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Tynion’s Detective Comics Proves the Title Doesn’t Need a Batman

by  in Comic Reviews Comment
Tynion’s Detective Comics Proves the Title Doesn’t Need a Batman

Six issues into James Tynion IV’s “Rise of the Batmen” arc, “Detective Comics” #939 impressively reignites the battle against Batwoman’s father, rogue U.S. Army Colonel Jacob Kane. Batman and crew had all but defeated Kane and his covert team known as the Colony last issue, but a last-minute technological rabbit pulled from the proverbial hat widens the scope of the conflict as it rages forward. All the while, Eddy Barrows and Eber Ferreira beautifully illustrate four of the six parts thus far, while Alvaro Martinez and Raul Fernandez competently step up to give the pair a break in issues #936 and #937.

Barrows, Ferreira and colorist Adriano Lucas grab readers’ attention as soon as the story arc kicks off, as a battered Azrael is taken down by a figure who appears to be Batman. The carefully crafted layouts and gorgeous colors perfectly accentuate Tynion’s tense and compelling intro and carry through the remainder of the storyline. Additionally, Martinez’s layout style aligns with Barrows’ and Fernandez delivers the same level of detail in his pages, ensuring that any eventual collection will be a complete volume that flows smoothly without any jarring transition in art style.

Tynion also delivers on that powerful opening punch, but doesn’t rely solely on a strong start to coast the rest of the way through. In fact, he delivers another surprise in the very first chapter, when Batman reveals who he is to Batwoman; this not only serves to shock, but also sets the stage for the family dynamic that has been so natural and pervasive in this arc. By fighting side-by-side not only as allies, but as cousins, they establish a kind of patriarchal/matriarchal leadership for the younger members. The remaining members all fall right in; Red Robin, Spoiler and Orphan are readily believable as Bat-siblings, and even Clayface convincingly — and at times comically — comes across as an odd uncle.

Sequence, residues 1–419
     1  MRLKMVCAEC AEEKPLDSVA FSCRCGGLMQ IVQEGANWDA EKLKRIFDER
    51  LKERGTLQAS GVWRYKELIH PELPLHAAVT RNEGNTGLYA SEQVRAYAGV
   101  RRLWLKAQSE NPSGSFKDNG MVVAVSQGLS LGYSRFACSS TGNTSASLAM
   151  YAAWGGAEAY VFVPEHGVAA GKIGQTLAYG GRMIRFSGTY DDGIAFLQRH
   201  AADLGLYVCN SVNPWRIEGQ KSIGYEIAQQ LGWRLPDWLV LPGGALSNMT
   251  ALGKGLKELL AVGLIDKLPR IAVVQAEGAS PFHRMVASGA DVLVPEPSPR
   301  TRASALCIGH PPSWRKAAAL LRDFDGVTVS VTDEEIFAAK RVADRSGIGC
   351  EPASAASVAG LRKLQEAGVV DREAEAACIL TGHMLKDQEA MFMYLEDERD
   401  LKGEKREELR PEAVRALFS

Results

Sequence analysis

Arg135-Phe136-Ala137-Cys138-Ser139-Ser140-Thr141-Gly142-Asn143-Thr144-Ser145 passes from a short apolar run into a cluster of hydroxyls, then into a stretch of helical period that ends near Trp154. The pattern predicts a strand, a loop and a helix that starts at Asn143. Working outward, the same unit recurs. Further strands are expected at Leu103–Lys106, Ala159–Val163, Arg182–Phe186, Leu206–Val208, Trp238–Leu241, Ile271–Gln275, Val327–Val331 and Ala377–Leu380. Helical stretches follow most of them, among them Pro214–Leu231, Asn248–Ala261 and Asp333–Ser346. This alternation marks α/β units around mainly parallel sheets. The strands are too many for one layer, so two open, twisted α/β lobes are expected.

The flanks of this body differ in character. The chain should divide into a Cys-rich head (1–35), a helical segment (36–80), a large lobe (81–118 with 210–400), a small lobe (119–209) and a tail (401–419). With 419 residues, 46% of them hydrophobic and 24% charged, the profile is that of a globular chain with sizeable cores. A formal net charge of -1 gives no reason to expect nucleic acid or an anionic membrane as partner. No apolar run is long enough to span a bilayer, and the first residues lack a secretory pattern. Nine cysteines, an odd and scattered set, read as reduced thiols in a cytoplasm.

By establishing the team as a family, Tynion opens the story to a number of character explorations: Tim struggles with reconciling his own goals versus those he believes Bruce has for him; Bruce and Kate have their differences regarding how to lead the team and deal with the threat of her father; and Kate’s closeness with her father potentially puts her at odds with the team. This way, Tynion succeeds at making the team feel like a genuine family unit in addition to a solid superhero team. Plus, the Mud Room in their new HQ is their answer to the X-Men’s Danger Room — an idea that’s been oft-used but is a fresh one for these “B-Men” — and highlights another story technique that Tynion has mastered so well: making well-trodden ideas seem unique again.

Tynion also succeeds in making Batman an important figure without overshadowing everyone else. The focus on the other characters is welcome, and — whenever Batman does make an appearance — readers realize they didn’t necessarily miss him. Tynion has made “Detective Comics” a Batman comic that doesn’t need a Batman, though it benefits from having him present.

The previous issue ended with the Bat-family taking down Kane’s soldiers, and Tynion could have easily ended the story as a five-parter. However, the depth of the team he’s built lends itself to an extension; there remains plenty of conflict to be had between Batman and his Uncle Jake (which is exactly what he calls him at one point, reminding readers of the arc’s true dynamic), as well as between Jacob and Kate. The latest chapter also gives Tim a bigger, more heroic role, which could also enable an escalation of his inner conflict.

“Detective Comics'” “Rise of the Batmen” arc has been so strongly executed that readers may almost wish it wouldn’t end. With this series, Tynion has hit a high point in his Batman career.